Within days after I commented once again about the failures of 3D TV, with the main focus on those awful and often uncomfortable glasses, I got a press release from Stephen Blumenthal of 3DFusion that pointed to a possible solution to this problem; no glasses required. Up till then, the industry analysts whom I’ve talked to suggested that it would take several years for that to occur. Maybe Stephen can speed things up.
So on Saturday night’s episode of The Tech Night Owl LIVE, I had a short discussion with Stephen about what he’s working on, which basically expands and improves existing technology from Philips and other companies, and holds out a lot of hope. Of course, nothing is ever certain until you can buy the finished product at an affordable price in your local consumer electronics outlet, but I’m hopeful.
In another segment of the show, we brought back author Karen G. Anderson who returned to discuss some of her favorite, and not so favorite, offbeat iOS apps. With over 300,000 apps from which to select, her choices may not be yours, but she offered some really intriguing ideas.
We also heard from Bob “Dr. Mac” LeVitus on why he loved the MacBook Air he’s reviewed, and whether it is truly the harbinger of MacBooks of the future.
Security guru Rich Mogull joined us to discuss whether it’s possible to take down WikiLeaks, and general security issues, including the recent Mac OS 10.6.5 update that contained loads of Flash fixes. On the first, the onset of events about WikiLeaks almost overwhelmed us. They have had to use a different domain to stay online, and PayPal has opted not to process donations for the site. This is a story that clearly won’t end anytime soon.
Indeed, and this takes us to our other radio show, The Paracast, there’s actually a report that WikiLeaks is poised to post some heretofore classified documents about, would you believe it, UFOs? We’ll have to see how that plays out.
On this week’s episode, co-host Christopher O’Brien presents the UFO field’s famous “trickster” himself, Jim Moseley, editor and publisher of “Saucer Smear,” a thought-provoking publication that emphasizes the unique personalities in the field, and their eccentricities.
Now Shipping! The Official Paracast T-Shirt. We’re taking orders direct from our new Official Paracast Store, where you can place your order and pay with a major credit card or PayPal. The shirts come in white, 100% cotton, and feature The Paracast logo on the front. The rear emblem states: “Separating Signal From Noise.” We’ve also added a selection of additional special custom-imprinted merchandise for fans of our show.
Several recent rumors have the Apple watchers scrambling to figure out what’s going on. As usual, some of the stories arose over patent filings, even though the process of securing intellectual property rights doesn’t actually guarantee that you’ll ever see a real product featuring that technology.
One curiosity spoke of what you might want to consider a “Mac Convertible,” meaning that you’d be able to run it in the same fashion as any other Mac, using Mac OS X. But you’d also have the option to swivel the screen and engage an iOS mode. This would make it roughly akin to a huge iPad with all the touchscreen goodies.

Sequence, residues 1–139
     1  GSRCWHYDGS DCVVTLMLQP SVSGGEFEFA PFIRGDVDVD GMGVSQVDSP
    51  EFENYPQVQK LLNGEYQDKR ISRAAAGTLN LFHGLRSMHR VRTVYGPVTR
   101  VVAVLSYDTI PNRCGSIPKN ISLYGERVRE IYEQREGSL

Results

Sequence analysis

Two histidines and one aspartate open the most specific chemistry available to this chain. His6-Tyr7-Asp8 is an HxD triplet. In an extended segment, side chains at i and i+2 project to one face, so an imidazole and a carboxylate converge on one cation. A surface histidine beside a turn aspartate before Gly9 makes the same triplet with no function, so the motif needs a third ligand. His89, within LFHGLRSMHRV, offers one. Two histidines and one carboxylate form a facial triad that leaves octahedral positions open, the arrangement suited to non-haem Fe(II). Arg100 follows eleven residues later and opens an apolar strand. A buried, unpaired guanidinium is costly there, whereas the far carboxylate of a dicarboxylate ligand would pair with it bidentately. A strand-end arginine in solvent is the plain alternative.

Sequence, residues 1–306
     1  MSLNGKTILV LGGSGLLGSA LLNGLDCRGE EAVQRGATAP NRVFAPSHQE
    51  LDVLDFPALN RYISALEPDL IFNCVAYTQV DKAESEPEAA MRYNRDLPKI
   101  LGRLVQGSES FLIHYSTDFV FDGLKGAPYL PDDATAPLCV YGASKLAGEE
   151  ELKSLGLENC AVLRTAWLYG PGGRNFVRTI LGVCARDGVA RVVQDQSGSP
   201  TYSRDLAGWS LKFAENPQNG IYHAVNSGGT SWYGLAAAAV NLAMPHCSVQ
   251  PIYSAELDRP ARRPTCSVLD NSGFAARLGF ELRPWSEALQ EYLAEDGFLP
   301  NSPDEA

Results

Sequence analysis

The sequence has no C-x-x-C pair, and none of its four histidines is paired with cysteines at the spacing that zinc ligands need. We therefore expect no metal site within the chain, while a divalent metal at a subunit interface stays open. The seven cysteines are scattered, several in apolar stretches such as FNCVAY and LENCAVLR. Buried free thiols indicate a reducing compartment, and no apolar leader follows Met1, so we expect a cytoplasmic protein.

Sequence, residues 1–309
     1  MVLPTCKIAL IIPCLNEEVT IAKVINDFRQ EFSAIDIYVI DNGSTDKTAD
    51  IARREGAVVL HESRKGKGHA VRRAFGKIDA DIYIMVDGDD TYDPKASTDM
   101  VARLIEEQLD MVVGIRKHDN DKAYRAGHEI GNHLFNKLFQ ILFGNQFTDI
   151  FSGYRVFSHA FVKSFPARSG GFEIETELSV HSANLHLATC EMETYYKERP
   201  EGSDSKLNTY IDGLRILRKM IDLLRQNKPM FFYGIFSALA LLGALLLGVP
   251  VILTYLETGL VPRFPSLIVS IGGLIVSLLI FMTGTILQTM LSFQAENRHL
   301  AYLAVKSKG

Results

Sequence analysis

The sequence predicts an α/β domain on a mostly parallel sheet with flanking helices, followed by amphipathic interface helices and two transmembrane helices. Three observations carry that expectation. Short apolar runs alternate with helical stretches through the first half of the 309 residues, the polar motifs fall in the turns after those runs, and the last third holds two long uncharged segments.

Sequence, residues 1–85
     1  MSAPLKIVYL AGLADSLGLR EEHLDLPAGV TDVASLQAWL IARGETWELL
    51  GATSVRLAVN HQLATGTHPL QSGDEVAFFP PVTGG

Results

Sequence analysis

Now even before you examine the usability of such a scheme, actually doing the development work on this hybrid operating system shouldn’t be such a big deal. After all, both the iOS and Mac OS X sit atop the same basic core system. Moreover, when developers build software for the App Store, they will generally test their work on Macs running Apple’s developer tools, which deliver the content on screen in a special iOS window.
You might compare it to the legendary Classic environment, which allowed older Mac apps to run in a custom or emulator environment within Mac OS X. But the iOS would be far more native since, as I said, it’s essentially Mac OS X with a different skin and some internal alterations.
Certainly when you look at Apple’s initial demonstration of plans and schemes for Mac OS X Lion, you can see the clear iOS influence. Consider Launchpad, a scheme designed to display your app icons across one or more pages, in much the same fashion as they show up on your iPhone or iPad. It’s not that I’m enamored of this feature, but I can see where it will breed familiarity.
What Apple has certainly learned with the iOS is how to make things simpler to use and way more efficient. The mobile device is serious limited of resources. You can’t just pop in extra memory to run more apps, get a larger display to display larger documents in something akin to their true sizes, or multiple documents and apps to make your workflow more efficient.
So Apple cannot just ape the iOS on the Mac and be done with it. There has to be compromise, allowing what works to carry over. The rest can be modified as necessary or simply not used. The iOS would certainly inspire Apple to build altogether new features that take greater advantage of this supposed convertible concept.
It may even be possible to set up a true iOS mode, relying on traditional input devices, such as mouse and keyboard, and have it run on your Mac, if that’s what you want of course. Again, this shouldn’t be a serious programming issue, since developers do it now.
After all is said and done, the real issue is one of practicality. Having multiple operating system interfaces is one thing, and perhaps the new Mac user graduating from the iOS would find it more comfortable, at least at the beginning.
On the long haul, assuming that a simple point and click or even a push button on the keyboard activates one OS shell or the other, you can run whatever setup you choose, switch between them at will. Or, perhaps, under Parental Controls, establish an unchangeable setup for a particular user that matches their skill or comfort level. And I assume you’d be running mostly Mac apps regardless, simply because the slimmed down App Store variety are mostly unsuitable for a regular PC.